You will be researching Native American Tribes for this project. In addition to the resources that Mrs. Ascenio has put on her wiki (mslang.wikispaces.com), this guide will provide you with resources so that you'll rock this project!
Enjoy the learning and research process,
Just in case you forgot your project packet (or if you were a super friend and lent it to a classmate), here are the handouts that Mrs. Ascenio provided for this project. You can print them out if you need them.
Just to give you some inspiration, take a look at the process of creating a diorama. The more creative, the better!
Your first stop should be the Chester Barrows Library Catalog. Look up your Native American Tribe by Subject or Keyword, Author. Most of the Native American information is in the 900s section of the non-fiction area. Feel free to ask Mrs. Rose if you need any assistance.
Your second stop should be the On Line World Book Student.
Just type the tribe or subject that you are researching into the box and click "Search"
(Make sure to spell it correctly!)
After you search for your topic, you can get help with your research by using the outline to the left of the article.
Your third stop should be Webpath Express.
Webpath Express is a fantastic way to find helpful, precise, educational, high quality and non-commercial web sites for research and information.
From the Chester Barrows Library Catalog. On the left side of the screen is a tab for Webpath Express. This is your route to searching whatever interests you.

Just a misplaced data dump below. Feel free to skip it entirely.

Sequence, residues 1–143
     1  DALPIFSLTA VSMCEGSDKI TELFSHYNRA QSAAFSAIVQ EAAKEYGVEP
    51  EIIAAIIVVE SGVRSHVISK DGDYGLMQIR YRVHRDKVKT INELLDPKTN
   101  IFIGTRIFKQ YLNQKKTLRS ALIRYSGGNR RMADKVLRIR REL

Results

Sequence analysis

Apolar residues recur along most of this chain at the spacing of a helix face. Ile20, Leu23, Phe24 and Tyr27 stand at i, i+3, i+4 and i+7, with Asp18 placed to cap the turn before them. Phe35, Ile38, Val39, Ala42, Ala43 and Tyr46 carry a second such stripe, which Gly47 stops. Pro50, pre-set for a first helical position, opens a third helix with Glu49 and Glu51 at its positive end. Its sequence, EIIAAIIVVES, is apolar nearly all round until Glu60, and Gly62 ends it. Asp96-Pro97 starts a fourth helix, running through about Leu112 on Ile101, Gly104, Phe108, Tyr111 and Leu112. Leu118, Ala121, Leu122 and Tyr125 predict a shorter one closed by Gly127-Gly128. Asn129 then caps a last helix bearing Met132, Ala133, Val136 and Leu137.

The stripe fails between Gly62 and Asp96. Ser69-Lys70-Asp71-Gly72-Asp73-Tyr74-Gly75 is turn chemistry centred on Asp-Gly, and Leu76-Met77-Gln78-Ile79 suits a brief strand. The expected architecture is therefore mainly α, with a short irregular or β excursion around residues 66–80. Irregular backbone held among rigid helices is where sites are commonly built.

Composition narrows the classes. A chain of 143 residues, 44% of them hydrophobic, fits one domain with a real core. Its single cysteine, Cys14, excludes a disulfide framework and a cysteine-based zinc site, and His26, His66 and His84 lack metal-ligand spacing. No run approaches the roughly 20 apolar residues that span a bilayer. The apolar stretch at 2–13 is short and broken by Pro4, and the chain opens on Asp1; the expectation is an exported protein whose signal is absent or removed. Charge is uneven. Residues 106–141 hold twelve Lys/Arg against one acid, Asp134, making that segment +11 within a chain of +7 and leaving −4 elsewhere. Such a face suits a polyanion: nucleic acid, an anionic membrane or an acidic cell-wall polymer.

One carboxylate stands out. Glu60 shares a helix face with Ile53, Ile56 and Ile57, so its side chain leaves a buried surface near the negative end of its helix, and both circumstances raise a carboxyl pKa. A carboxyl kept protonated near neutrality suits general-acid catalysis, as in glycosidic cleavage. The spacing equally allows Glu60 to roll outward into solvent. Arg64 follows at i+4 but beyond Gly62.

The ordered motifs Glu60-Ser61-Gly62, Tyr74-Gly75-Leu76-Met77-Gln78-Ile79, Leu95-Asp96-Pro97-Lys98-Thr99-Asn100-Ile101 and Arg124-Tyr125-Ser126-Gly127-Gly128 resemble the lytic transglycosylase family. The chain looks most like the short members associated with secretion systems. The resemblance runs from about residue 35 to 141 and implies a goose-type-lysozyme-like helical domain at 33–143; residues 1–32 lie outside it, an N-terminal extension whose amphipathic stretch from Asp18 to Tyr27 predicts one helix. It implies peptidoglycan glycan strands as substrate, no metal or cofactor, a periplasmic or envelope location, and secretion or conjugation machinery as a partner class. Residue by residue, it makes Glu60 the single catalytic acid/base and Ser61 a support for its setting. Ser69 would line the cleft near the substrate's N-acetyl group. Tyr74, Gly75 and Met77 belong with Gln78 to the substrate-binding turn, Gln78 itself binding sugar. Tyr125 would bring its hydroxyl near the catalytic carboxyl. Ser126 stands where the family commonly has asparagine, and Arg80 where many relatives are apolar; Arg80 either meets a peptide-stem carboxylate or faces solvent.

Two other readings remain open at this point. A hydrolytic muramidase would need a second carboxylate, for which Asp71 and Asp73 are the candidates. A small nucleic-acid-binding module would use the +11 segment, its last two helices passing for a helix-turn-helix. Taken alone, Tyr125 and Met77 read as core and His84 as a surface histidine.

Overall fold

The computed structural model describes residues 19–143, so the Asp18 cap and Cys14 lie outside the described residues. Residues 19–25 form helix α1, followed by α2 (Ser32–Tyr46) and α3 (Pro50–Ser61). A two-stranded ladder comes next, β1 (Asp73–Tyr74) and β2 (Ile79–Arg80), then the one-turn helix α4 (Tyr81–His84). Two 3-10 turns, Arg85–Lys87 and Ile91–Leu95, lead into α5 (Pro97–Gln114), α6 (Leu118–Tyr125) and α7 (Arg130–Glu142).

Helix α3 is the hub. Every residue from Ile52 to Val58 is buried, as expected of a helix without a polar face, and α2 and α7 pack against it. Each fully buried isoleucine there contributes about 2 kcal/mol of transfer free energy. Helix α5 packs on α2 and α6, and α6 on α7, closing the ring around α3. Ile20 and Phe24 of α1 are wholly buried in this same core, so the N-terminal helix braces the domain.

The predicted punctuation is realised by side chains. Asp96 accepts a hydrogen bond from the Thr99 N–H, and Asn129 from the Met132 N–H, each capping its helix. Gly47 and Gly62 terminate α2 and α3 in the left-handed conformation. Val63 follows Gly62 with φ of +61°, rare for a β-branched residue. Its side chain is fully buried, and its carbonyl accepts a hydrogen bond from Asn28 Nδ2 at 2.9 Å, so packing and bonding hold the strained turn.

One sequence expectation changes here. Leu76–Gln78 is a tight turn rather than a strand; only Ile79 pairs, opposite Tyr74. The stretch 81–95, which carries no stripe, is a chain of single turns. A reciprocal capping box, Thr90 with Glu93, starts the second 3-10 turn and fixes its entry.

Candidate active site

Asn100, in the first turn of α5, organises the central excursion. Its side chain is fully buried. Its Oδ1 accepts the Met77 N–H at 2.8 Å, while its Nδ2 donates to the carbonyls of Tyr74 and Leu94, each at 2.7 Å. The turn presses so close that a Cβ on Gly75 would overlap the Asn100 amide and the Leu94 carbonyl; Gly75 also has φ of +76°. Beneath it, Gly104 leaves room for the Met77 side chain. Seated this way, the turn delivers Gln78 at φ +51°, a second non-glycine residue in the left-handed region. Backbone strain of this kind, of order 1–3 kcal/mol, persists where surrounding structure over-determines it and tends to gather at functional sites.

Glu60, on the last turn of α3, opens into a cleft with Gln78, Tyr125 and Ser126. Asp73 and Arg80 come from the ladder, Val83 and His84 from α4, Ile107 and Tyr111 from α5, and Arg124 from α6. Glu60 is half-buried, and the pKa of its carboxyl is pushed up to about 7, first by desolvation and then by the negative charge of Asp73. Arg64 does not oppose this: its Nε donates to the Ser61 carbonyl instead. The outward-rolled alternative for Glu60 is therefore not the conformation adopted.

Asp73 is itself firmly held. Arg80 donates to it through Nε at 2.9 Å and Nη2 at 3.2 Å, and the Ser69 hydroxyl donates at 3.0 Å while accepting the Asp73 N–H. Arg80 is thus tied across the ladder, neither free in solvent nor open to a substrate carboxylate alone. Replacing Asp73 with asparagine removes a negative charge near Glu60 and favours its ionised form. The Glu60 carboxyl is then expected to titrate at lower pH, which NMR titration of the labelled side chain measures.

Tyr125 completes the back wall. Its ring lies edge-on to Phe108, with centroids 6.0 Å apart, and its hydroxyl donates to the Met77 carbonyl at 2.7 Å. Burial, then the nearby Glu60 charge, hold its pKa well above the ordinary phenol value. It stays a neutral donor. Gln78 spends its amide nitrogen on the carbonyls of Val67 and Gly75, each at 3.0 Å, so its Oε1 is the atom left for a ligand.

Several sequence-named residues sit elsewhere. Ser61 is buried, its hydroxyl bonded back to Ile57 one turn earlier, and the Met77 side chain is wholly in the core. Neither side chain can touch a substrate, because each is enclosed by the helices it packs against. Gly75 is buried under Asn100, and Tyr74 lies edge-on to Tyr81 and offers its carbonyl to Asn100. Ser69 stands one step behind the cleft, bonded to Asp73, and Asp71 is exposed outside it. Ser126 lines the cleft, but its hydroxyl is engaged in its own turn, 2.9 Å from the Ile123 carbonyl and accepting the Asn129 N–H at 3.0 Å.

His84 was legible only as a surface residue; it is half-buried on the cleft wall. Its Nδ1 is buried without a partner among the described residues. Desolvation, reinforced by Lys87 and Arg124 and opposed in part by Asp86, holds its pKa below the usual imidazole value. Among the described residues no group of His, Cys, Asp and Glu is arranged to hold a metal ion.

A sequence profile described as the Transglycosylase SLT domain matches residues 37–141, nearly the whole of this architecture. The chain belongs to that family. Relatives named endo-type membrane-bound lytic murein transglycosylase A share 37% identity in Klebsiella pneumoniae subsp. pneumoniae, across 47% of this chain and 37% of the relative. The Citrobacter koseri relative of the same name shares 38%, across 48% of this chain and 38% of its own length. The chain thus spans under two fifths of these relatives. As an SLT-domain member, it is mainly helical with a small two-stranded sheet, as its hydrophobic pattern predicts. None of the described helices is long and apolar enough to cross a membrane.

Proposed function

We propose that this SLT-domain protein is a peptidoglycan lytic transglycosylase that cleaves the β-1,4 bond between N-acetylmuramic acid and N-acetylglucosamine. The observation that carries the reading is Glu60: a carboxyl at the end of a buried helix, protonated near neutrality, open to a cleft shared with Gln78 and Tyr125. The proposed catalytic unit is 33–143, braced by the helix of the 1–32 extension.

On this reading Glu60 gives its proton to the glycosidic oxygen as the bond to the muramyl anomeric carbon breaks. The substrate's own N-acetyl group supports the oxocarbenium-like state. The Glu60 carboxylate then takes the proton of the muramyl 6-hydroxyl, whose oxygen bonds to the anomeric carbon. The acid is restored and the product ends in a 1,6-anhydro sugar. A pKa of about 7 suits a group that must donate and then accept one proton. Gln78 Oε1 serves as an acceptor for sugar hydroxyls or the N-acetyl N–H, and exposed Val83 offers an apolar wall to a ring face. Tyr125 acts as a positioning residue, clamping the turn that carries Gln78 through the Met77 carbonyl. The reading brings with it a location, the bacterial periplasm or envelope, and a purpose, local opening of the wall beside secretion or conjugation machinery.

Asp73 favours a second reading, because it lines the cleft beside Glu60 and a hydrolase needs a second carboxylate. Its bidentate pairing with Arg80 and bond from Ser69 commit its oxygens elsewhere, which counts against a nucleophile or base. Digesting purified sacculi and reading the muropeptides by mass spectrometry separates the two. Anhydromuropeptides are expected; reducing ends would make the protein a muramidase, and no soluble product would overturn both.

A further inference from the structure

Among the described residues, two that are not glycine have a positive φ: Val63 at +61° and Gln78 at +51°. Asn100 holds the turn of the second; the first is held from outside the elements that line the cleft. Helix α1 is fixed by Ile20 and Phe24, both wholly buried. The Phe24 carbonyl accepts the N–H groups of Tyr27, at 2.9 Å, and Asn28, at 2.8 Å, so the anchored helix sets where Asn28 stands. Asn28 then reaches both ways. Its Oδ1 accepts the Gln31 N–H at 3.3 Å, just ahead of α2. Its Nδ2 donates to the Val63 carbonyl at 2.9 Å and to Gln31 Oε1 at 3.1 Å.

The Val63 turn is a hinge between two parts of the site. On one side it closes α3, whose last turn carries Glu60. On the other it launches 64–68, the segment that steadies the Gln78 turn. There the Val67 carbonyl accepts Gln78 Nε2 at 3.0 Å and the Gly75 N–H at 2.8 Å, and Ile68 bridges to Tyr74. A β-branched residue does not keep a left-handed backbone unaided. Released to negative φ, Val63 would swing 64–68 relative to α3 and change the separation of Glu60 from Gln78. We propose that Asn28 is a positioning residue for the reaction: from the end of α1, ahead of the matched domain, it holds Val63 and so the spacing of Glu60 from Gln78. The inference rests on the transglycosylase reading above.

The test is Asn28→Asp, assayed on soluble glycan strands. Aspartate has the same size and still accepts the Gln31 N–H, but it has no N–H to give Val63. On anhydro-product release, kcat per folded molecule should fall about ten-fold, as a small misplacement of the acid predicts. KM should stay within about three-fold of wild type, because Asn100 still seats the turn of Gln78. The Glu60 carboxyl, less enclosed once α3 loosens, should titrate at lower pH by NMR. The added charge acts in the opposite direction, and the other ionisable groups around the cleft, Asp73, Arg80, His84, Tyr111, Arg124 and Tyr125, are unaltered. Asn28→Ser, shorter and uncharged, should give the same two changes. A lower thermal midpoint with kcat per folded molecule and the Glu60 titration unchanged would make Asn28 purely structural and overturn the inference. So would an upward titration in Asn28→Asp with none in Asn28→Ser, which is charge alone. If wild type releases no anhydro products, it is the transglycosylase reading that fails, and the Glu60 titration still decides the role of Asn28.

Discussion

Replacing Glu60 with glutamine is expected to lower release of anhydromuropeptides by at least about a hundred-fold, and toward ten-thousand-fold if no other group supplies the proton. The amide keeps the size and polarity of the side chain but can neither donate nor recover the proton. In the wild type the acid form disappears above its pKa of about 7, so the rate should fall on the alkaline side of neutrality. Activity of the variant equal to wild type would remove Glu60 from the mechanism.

Remember that in Webpath Express, you can filter by grade, domain, language, etc. So you can make sure to click on the filter for Grade so that you are only looking for resources that are right for your grade level and interest.
Click HERE for Webpath Express at Chester Barrows School. I bet that you will find everything that you need.
You need to cite when you use pictures or photographs from a source. WorldBook Online gives you citation information at the bottom of the article, usually in a variety of formats. For this picture:
You would cite the article by taking the citation provided at the end of the article:
"Algonquin Indians." World Book Kids. World Book, 2013. Web. 3 Nov. 2013 .
This picture has two different ways to cite:
Credit: WORLD BOOK illustration by Richard Bonson, The Art Agency
or, at the bottom of the article, you can use this:
"Sauk Indians." World Book Kids. World Book, 2013. Web. 3 Nov. 2013 .
If you have any questions about how to correctly cite images and articles, please ask Mrs. Rose.